In honor of St. Patrick’s Day on Saturday, I thought I’d share a tale I wrote about an Irish warrior trapped by witche’s curse. The following is an excerpt from SCARY MONDAYS, an anthology of flash fiction and poems written by me and my daughter KT, now available at www.amazon.com
“Writers write. Only undisciplined or unfocused ones get writer’s block.”
Natalie paced the cramped space between her desk and bookcase. With each step, she muttered, chastised, and scolded herself. Every bit of free space, the shelves lining the walls, the floor, even her desk, was cluttered with books, romances mostly. They were her passion and livelihood.
Irritation crawled across her shoulders. She made a living writing romantic suspense. Yet for weeks, the story that circled her head and drove all others out was a fantasy. Or perhaps it fit in the paranormal category? The tale dogged her. It kept her up at night. Like a living being, each time she left her desk to feed the dogs, walk to the mailbox, or just make a sandwich, it followed her as if impatient for her to get the words out of her head.
She could see it hear it, plainly in her mind. Or more precisely, she could see him– he hero of her story. She could hear him, damned near touch him. Rory, an Irish rebel, hexed by a witch, destined to spend eternity confined alone in shadow world until some magical person came along to lift the curse.
He was so real.
Never had a character been so alive in her imagination, so vibrant, and dynamic. Yet each time she sat down to write the book, it was as if some real physical presence blocked her muse. She never had writer’s block. She simply didn’t believe in it, didn’t allow it. Nevertheless, she just couldn’t seem to get this tale out of her head!
Frustrated, she took her seat in front of her laptop. She booted up, then opened a Word document. A blank white page stared back at her. She could’ve sworn it sneered at her.
She clasped her hands in her lap, sent a silent prayer to St. John the Apostle, the patron saint of authors. For good measure, she added St. Patrick as well. It couldn’t hurt. She opened her eyes, then watched in fascinated wonder. With her fingers still linked on her thighs, words began to crawl across the page.
Bring me to life.
She swallowed, shook off the moment. “Be sensible,” she muttered. She lifted the laptop, checked the connections hoping to find some rational explanation for how words could just appear on the screen. Perplexed, she sat back with frown and stared at the nearly blank screen. Cold terror traced the line of her neck as the letters edged across the screen.
B…r…i…n…g m…e t…o l…i…f…e
This is a trick.” Natalie reached for her cell phone. Her friend Sandy, the techno geek, would probably tell her she’d been hacked, or attacked by some freak computer virus that allowed an anonymous creep to run her laptop remotely. Somewhere out there some dweeb little nerd was laughing his ass off.
She punched in the number, waited for the call to connect. Static screeched through the phone. Then clearly, she heard a voice, one that filled her head with images of misty bogs and peat fed hearths.
“Bring me to life.”
She dropped the phone on the carpet. She scanned the room. Except for a pair of beagles named Sid and Nancy, she lived alone. Yet she felt a presence.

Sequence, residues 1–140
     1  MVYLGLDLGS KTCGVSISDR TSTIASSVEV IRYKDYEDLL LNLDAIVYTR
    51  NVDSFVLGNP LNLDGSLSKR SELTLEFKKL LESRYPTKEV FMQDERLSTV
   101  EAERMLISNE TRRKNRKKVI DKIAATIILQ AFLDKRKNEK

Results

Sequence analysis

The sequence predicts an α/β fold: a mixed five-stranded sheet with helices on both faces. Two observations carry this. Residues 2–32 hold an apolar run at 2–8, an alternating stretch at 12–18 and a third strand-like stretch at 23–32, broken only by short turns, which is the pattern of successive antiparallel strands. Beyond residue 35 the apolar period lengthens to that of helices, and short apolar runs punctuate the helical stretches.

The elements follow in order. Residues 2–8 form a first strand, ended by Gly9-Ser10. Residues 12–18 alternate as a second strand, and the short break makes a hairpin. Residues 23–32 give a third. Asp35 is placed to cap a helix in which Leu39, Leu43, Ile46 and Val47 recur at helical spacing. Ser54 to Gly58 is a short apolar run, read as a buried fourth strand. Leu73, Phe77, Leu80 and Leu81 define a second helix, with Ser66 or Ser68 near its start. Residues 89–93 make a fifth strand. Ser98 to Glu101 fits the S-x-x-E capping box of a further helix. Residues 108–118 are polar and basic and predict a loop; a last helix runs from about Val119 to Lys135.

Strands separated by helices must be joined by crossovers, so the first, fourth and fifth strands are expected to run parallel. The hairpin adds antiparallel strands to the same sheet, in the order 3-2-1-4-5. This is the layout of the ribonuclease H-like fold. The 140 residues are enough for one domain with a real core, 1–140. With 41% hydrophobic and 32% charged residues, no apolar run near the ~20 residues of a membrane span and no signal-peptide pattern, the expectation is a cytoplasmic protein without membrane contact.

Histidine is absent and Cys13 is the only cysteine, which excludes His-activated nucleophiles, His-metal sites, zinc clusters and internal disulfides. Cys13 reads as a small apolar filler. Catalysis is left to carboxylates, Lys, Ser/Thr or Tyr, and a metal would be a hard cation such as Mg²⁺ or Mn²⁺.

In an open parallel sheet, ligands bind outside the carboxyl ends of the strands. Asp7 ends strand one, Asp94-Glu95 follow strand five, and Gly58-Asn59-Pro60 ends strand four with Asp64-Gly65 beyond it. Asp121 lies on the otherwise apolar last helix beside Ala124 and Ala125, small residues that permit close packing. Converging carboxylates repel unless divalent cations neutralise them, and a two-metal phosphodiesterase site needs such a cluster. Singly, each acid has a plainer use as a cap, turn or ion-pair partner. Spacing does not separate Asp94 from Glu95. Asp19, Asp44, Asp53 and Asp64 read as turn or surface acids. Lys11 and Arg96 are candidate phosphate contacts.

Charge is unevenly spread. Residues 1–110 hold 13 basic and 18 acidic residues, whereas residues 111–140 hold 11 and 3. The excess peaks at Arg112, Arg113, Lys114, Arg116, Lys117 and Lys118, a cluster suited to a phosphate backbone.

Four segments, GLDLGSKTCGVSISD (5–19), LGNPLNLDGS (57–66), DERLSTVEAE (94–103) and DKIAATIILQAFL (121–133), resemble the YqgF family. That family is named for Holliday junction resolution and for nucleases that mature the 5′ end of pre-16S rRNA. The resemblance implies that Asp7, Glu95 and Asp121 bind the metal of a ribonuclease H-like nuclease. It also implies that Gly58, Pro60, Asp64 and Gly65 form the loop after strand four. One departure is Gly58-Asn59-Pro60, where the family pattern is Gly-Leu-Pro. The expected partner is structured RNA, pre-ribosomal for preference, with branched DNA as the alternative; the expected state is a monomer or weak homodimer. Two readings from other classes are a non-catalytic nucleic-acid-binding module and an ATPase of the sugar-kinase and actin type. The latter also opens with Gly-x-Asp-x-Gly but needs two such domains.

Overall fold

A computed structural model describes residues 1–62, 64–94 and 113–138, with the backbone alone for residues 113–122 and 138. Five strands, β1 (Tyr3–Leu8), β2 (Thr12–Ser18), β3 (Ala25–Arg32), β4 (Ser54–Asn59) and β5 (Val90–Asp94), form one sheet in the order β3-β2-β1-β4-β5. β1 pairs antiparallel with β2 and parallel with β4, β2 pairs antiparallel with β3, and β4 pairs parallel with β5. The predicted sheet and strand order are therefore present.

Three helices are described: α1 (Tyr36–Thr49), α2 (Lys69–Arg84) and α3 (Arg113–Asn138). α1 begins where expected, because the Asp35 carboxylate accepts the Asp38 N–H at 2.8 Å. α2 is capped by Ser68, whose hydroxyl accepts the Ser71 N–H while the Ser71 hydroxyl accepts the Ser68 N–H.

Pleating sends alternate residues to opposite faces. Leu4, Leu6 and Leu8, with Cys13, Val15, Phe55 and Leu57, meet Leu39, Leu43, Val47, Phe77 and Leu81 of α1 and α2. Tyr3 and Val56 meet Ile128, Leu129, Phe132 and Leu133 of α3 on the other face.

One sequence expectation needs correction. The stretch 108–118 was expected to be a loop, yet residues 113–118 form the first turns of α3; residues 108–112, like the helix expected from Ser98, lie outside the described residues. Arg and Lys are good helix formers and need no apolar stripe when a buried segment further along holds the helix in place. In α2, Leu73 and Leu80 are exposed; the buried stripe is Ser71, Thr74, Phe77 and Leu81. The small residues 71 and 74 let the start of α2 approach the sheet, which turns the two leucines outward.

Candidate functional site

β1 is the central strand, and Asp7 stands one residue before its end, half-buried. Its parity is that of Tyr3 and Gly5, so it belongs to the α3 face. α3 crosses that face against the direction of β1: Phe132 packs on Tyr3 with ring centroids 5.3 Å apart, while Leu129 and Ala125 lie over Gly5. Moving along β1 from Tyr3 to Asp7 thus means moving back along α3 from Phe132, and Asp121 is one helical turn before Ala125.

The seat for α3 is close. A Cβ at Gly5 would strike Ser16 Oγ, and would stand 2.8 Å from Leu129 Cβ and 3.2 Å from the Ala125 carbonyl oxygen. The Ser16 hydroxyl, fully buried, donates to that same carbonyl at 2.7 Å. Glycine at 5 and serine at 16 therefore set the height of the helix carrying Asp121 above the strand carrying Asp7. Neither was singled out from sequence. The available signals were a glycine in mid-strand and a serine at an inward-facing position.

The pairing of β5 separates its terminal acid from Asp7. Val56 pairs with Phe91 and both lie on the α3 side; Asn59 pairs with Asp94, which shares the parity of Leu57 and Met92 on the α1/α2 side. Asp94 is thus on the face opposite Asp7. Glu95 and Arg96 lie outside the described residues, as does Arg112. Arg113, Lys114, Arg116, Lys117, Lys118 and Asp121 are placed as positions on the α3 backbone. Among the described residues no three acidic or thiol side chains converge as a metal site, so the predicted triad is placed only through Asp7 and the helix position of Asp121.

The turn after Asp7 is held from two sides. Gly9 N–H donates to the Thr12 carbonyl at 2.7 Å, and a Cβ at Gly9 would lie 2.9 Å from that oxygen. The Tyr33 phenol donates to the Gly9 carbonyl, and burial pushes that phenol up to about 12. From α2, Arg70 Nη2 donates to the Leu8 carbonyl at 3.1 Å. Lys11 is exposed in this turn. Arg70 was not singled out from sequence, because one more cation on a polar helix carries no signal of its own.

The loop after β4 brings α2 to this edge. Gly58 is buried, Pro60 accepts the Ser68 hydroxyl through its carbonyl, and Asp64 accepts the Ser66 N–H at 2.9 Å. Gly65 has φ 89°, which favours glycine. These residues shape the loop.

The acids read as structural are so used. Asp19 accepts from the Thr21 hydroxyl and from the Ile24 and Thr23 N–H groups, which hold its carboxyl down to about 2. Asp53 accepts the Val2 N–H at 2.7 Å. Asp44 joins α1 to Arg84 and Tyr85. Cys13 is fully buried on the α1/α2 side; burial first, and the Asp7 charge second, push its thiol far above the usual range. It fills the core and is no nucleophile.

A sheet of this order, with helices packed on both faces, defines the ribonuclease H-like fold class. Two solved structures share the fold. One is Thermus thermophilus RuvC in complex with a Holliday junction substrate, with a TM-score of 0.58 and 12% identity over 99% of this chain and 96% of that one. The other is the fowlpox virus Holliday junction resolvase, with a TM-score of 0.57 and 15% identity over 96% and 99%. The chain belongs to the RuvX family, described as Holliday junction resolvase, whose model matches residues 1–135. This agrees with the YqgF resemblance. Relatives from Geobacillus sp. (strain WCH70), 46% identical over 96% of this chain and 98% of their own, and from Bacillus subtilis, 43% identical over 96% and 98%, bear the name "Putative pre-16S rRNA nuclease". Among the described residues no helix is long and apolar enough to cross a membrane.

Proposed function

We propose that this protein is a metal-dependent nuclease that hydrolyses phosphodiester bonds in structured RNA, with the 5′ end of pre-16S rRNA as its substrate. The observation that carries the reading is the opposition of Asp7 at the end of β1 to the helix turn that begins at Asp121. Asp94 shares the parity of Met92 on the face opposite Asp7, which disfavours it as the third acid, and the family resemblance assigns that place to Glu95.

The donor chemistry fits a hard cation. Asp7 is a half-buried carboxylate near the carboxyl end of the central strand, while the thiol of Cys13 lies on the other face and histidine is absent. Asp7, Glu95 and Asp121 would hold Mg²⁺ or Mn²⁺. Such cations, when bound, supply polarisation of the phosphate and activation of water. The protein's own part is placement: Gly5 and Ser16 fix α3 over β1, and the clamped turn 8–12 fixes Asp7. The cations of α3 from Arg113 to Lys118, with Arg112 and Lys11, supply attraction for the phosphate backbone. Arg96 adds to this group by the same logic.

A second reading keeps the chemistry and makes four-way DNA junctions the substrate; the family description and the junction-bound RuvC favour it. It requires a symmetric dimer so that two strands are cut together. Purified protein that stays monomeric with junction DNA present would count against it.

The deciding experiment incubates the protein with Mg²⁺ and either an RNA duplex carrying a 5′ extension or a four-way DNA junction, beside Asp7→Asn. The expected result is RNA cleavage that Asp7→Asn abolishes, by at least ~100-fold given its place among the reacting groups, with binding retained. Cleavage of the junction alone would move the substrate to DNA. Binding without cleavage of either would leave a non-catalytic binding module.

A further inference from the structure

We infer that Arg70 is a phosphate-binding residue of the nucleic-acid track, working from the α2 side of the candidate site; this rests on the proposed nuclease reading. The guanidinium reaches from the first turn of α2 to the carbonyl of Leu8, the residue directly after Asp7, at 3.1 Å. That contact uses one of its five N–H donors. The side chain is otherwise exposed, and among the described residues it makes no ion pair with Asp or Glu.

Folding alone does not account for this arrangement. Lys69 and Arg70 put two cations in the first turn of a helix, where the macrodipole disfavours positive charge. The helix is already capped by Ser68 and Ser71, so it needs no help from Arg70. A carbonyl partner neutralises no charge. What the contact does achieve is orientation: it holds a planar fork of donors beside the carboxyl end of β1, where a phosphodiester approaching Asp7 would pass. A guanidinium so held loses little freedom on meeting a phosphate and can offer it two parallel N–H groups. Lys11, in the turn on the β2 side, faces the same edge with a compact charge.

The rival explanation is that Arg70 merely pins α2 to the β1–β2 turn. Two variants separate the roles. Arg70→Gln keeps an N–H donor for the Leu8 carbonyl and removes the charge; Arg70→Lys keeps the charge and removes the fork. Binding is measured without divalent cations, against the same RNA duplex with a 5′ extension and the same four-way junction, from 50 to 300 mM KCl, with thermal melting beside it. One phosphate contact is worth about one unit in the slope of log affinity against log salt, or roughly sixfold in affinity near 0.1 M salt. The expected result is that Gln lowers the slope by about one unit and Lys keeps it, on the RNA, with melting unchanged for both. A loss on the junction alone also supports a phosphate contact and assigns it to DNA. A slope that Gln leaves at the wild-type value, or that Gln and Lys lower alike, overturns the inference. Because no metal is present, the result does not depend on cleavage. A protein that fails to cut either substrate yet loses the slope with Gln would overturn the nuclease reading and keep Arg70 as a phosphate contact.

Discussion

She felt it.
Or rather him.
Veil thin and yet tangible.
His breath caressed the shell of her ear. “Tell my story. Save me from the nothing I’ve become.”
Maybe she was psychotic. Perhaps the hours of self-imposed isolation required by her craft had finally taken its toll. Or maybe she had one of hell of an imagination. Natalie grinned. The block was gone. Whatever had been holding her back, shifted to let her mind fill with images, phrases, and dialogue…and her fingers did the talking. Filled with the one-of-a-kind joy that came from knowing she had a great story to tell, Natalie finally began to write.
As the days and weeks passed, she got lost in time and space, in a world filled with faeries, witches, and a handsome Irish warrior named, Rory. With each chapter, he became more real. And with each chapter, she fell in love. She imagined that he fell in love with her too. Or at least the heroine she’d created whose description fit her own. Some days the story flowed. Other days it seemed as though some dark being barred the path. Each time Natalie fought it, or her, since she’d come to think of this particular writer’s block as a witch in need of a serious ass kickin’.
The night she wrote the final paragraph, the wind howled, the lights flickered. Lightning flashed followed by thunder so close, so loud it rattled windows and floors. Her dogs cowered under the desk. She hit “Save.” She stood, stretched her hands high above her head, decided she’d earned a long hot soak, and longer nap. She turned toward the doorway, jumped back and yelped.
He stood in the door, her handsome, dark-eyed, dark haired warrior.
He pointed toward the computer. “You lifted the curse.”
Maybe she had truly, finally, gone around the bend. It was one thing to have a character live in her head, something else altogether to find him standing in her office. She rolled her shoulder. “I wrote a story.”
He stepped toward her. “And it was magic.”
Months later at a book signing, a fan gushed, “I love Mystic Warrior, and I love Rory. He seems so real. How do you write characters like him?”
Natalie cast a glance at the man standing near the magazine aisle. Her Irish warrior had traded his sword and shield for a pair of Levis. And he looked pretty damned good in them. She turned back to the woman in front of her, tried hard not to seem too smug.
“Sometimes they just come to me.”